Do you long to be liberated from the chains of drivechains? Do you dream of a bike with the mag wheels of a vintage BMX freestyler, the dork factor of a folder, and the geometry of an early 19th century Laufmaschine? Well, your wait is finally at an end, thanks to...this thing:
Of course the bicycle took its current form like 130 years ago and since then we haven't looked back. (Especially the triathletes, because when they look back they crash.) So why then are we poised to make a return to the old-timey velocipede? Well, because now that we have disc brakes the technology has finally caught up with it:
Yes, disc brakes can breathe new life into any contraption no matter how dated, which is why I'm looking forward to the return of the pennyfarthing:
The massive front wheel diameter will have you rolling over gravel with ease, though you'll definitely want to shift your weight back when applying that powerful brake, because taking a header on a pennyfarthing is easy enough as it is:
You learn something new every day, and today I learned a pennyfarthing crash sounds like a Victorian-era thief dropping a sackful of silver while he's escaping through the window.
BUT WAIT! There's also rear-wheel steering, so you can turn on a farthing:
Though when you really think about it you never need to make such tight turns, with the possible exception of bike polo, but even then due to the tight wheelbase and small wheel size you'd need to get all new mallets:
Meanwhile, on the other end of the spectrum, you've got this:
If only there were some kind of bike that split the difference between a tall bike and a chainless 21st century velocipede...
Ah, forget it, it'll never happen.
And in apparel news, you'll be pleased to learn that Fred slippers have finally broken the $1,000 barrier:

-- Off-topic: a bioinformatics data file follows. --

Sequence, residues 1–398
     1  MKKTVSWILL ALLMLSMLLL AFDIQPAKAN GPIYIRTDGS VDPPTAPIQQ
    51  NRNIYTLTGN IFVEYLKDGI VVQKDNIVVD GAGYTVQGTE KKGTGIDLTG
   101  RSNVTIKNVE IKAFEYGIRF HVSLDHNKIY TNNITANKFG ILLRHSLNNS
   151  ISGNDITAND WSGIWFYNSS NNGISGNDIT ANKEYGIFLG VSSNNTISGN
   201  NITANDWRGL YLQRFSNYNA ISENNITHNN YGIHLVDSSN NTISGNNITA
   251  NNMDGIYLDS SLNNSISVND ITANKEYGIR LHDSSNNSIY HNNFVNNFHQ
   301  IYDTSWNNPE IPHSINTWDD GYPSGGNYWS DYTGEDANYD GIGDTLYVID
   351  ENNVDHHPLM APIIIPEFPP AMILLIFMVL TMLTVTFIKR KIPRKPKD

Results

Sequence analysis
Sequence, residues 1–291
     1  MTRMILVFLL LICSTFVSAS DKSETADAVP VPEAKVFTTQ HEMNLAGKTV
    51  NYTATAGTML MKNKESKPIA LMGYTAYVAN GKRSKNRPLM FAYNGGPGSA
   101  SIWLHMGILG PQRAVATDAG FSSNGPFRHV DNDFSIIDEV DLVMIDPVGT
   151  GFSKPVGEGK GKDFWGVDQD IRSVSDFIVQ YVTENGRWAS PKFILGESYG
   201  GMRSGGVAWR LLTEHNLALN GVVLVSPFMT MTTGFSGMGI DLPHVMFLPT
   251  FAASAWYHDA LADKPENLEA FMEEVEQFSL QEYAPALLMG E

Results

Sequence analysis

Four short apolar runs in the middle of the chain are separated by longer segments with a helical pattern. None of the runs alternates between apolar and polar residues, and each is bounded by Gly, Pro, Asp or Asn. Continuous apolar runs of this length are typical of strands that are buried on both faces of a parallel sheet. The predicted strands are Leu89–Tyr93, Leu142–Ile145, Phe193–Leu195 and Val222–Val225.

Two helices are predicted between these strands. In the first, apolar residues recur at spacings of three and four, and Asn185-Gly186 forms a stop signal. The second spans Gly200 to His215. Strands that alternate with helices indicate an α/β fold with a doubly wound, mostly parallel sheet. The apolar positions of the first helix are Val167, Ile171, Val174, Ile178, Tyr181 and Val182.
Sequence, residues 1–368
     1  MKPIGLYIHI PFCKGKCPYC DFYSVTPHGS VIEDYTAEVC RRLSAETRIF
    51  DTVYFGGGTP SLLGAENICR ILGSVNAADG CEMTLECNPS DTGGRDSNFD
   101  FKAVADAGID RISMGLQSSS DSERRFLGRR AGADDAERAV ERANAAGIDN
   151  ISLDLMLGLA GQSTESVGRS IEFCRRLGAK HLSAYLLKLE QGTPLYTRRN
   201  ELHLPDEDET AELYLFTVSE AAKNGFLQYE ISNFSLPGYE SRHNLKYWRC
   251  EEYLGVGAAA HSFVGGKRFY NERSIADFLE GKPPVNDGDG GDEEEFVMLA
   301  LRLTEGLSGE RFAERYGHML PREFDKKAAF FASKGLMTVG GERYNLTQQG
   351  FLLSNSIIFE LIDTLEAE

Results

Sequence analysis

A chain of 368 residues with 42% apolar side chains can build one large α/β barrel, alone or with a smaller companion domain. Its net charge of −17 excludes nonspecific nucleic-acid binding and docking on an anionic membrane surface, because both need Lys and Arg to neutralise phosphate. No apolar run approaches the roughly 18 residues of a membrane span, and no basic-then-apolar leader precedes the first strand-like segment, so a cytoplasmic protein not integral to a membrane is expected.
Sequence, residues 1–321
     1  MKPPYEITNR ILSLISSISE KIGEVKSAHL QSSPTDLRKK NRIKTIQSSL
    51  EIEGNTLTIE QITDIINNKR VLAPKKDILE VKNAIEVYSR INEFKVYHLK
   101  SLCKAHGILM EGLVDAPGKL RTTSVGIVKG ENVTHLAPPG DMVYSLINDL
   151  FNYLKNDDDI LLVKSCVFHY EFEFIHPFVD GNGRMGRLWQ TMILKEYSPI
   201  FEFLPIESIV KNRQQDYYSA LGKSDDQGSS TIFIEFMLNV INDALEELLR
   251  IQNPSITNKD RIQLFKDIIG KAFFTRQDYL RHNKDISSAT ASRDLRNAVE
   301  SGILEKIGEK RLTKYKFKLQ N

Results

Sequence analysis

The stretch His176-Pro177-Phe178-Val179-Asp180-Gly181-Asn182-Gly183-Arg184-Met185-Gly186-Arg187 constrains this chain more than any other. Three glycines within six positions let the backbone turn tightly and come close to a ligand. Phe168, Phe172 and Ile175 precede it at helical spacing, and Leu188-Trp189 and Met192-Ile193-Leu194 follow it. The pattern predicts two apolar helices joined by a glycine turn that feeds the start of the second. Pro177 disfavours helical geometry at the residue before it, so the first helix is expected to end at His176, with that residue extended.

We first saw them on Dan Martin’s feet at the 2016 Tour de France, and now Mavic is bringing the Comete Ultimate shoes to market. They can be yours this fall for the eye-popping sum of $1,000.
You read that right. For a cool grand, you get two-piece construction — an outer carbon shell with a swappable liner within, akin to ski boot design — that Mavic says will create a more connected feel between rider and bike. The system is also supposedly more efficient: 4.2 watts saved per pedal stroke, according to Mavic. Two Boa closures snug up the carbon shell over the soft liner.
Hmmm, an outer shell with a swappable liner, eh?
So in other words it's basically a Fredly take on the SPD sandal:
Anyway, the idea of $1,000 crabon roadie sandals seems almost as ridiculous as the idea of shoes that require dedicated socks...which has also happened, so never mind:
At this rate the only way you're going to turn any heads at the rollout of your next Fred ride is to show up in a pair of $1,030 Manolo Blahnik pumps that have been retrofitted to accept a road cleat:
You really can't lose.